Panning is a great technique for capturing – and conveying the sense of – speed. It can be somewhat “hit and miss” but here we offer some advice to help improve your success rate.
o Objects moving in a predictable direction, such as cars and bikes work best.
o Panning is less successful for erratically moving subjects, like birds in flight.
o Any camera can be used, provided you have some control over shutter speed.
o Because of superior handling, DSLR cameras are best for this technique.
o Set a slower shutter speed than you would use to freeze the action.
o Shutter speed depends on the speed of the subject and its distance from you
> For slower subjects like pushbikes, speeds of 1/5th to 1/30th would be a good start point.
> For fast racing cars and motorbikes, try 1/50th to 1/200th.
> The slower the shutter speed, the greater the background blur – but with less chance of a sharp subject.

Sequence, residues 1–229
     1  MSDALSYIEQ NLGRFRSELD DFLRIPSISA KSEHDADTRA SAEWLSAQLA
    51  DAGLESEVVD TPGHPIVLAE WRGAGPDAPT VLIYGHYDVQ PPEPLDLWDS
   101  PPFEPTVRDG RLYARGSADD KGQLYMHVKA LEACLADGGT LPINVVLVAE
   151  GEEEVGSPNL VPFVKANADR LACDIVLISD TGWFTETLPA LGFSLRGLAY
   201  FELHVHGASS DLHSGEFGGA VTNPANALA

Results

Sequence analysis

o Stand with feet apart and elbows tucked in. Follow the subject in the viewfinder. Gently press the shutter release and continue to follow the subject until after the shutter closes.
o Swivel from the waist, not the shoulders.
o Try to position yourself parallel to the action – or on the inside of a bend
o Consider the background and try to avoid distracting elements – although most will blur and so become less of a distraction.
o Use focus tracking (continuous AF) if your camera has this facility.
o If focusing is difficult, pre-focus on where you expect the subject to appear and rely on depth of field to cover slight errors.
o The more you practice, the better your results will become.
o Shoot lots of images – you may only have a few “keepers”.
o If you are shooting at an event (e.g. a motor race), pan some shots and aim to freeze the action for others (with a faster shutter speed). This will ensure you come home with some sharp shots even if your panning efforts have been less successful.